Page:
As with the clothing industry, slow and sustainable luxury is also trending in the food production market. At Finca La Torre, where the olive groves are filled with trees over 100 years old, they are committed to sustainable farming founded on the principles of biodynamics (one of the first movements in organic farming). They are Demeter-certified (similar to the Soil Association UK), affirming their holistic approach to food production that gives priority to putting life back into the land.

"We give back to the land what gets taken from it when growing food and raising livestock, the farm is a living organism where plants, animals and people are intertwined," explains Borja Adrián Sanz, commercial director for Finca La Torre. They stand for the purest oil, just as nature intended, pesticide-free, as sought by the more selective customer. "The customer profile that seeks us out is one that is very discerning, they demand that sustainable luxury, and we are also one of the first oil producers in Spain to have secured this biodynamic certification," he adds.

These are not the only sectors committed to eco-friendly luxury. Finca la Donaira is a different example of this trend since setting up the business in 2015. High up in the Serranía de Ronda sits this Andalusian farmhouse offering different types of deluxe experiences with nature at the forefront of everything they do.

This eco project includes, besides a nine-room hotel, a 700-hectare estate where tradition meets innovation, as described by María Centeno, one of the farm's staff. They have hens, geese, donkeys, horses and other animals, each serving its own purpose. "Within our vast range of animals, our mission is to preserve endangered species such as the Andalusian donkey," adds Centeno. The finca aims to develop projects that incorporate sustainability to "demonstrate that an alternative way of living that respects the environment is also possible, and we show this at work in our organic market garden, where we follow biodynamic principles," she states.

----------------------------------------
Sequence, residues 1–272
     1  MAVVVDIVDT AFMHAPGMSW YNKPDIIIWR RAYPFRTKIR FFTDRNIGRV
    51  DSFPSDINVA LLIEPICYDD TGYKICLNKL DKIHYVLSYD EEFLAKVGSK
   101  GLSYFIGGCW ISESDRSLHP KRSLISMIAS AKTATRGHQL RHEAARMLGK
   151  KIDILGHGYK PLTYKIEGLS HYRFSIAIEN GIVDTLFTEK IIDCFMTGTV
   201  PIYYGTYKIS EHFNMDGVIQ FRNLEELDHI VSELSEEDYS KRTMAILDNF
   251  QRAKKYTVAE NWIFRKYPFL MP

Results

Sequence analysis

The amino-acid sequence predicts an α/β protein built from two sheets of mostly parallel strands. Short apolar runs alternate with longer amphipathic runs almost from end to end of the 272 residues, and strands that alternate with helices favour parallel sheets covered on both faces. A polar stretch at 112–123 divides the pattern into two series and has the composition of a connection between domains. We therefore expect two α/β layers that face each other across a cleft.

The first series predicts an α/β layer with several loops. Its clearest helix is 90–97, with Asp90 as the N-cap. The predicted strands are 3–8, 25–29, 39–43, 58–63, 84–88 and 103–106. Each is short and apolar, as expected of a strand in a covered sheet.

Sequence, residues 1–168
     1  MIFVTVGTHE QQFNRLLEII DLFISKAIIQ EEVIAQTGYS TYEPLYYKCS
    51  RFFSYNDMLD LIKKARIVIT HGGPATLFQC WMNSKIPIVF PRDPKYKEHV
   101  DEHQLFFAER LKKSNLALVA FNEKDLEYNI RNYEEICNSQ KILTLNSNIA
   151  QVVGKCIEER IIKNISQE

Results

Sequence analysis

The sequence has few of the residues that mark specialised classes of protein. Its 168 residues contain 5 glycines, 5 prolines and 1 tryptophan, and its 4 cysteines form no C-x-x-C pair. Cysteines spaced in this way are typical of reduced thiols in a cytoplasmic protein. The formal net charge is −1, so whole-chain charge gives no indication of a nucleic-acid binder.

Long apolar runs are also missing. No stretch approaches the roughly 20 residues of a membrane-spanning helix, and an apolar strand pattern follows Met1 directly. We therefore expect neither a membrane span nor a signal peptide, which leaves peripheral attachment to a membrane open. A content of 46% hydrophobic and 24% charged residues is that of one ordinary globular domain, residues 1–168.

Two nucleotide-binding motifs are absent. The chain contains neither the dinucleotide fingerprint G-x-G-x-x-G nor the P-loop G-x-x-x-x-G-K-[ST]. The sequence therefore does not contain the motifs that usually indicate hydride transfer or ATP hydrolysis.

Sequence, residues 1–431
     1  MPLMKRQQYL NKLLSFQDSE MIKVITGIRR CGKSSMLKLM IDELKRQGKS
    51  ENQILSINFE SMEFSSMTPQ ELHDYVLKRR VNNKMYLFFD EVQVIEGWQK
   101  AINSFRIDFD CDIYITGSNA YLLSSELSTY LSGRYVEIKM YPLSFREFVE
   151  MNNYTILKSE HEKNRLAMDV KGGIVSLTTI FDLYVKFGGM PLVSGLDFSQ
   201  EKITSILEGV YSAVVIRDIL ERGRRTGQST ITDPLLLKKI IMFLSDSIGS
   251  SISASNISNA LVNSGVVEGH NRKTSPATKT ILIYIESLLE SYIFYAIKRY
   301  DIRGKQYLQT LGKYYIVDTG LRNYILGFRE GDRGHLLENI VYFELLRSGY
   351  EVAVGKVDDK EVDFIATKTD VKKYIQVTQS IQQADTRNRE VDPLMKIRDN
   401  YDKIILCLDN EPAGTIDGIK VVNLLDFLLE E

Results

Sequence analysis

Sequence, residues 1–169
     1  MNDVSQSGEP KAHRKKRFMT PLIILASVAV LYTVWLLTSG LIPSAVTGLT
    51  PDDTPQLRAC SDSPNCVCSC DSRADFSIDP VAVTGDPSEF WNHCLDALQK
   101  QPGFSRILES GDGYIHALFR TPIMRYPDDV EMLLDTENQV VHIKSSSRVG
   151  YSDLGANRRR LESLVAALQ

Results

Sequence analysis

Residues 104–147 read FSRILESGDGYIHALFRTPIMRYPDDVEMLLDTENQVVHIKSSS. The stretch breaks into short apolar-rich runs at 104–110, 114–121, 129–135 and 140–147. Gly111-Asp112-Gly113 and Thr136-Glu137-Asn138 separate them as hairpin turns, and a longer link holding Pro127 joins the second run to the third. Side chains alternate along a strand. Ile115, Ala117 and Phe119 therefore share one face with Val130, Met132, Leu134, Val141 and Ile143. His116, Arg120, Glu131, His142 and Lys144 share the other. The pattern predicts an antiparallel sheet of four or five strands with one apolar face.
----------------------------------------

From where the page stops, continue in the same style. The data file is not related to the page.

In the latest report on conscious luxury trends prepared by Farfetch, a global platform for the luxury fashion industry, we can see that searches for sustainable products grew by 78% year-on-year in 2023. This annual report analyses how consumers are purchasing more responsibly, as well as what innovations are on the sustainability horizon for the luxury goods industry. The most recent report reveals that global demand for conscious products (defined as any product containing at least 50% of sustainable materials) continues to increase.


The construction industry is not immune to this trend either, as pointed out by Marisa Bandera, architect at Todo Barro. This company, originally from Vélez-Málaga, dedicates its business to exterior wall-coatings made from mud. Its CEO, Pedro Rosa, created the company when he spotted that there were clients looking for a specific type of facing made to look old, to give some age and history to the building.

"Coming to Todo Barro are two types of client: one that just likes the material, and the other type which, in addition to looking for a certain design or aesthetic finish, is all about saving the environment," says Bandera. She acknowledges that such clients with high purchasing power care a lot for the environment and how it can have a very positive impact on a person's lifestyle.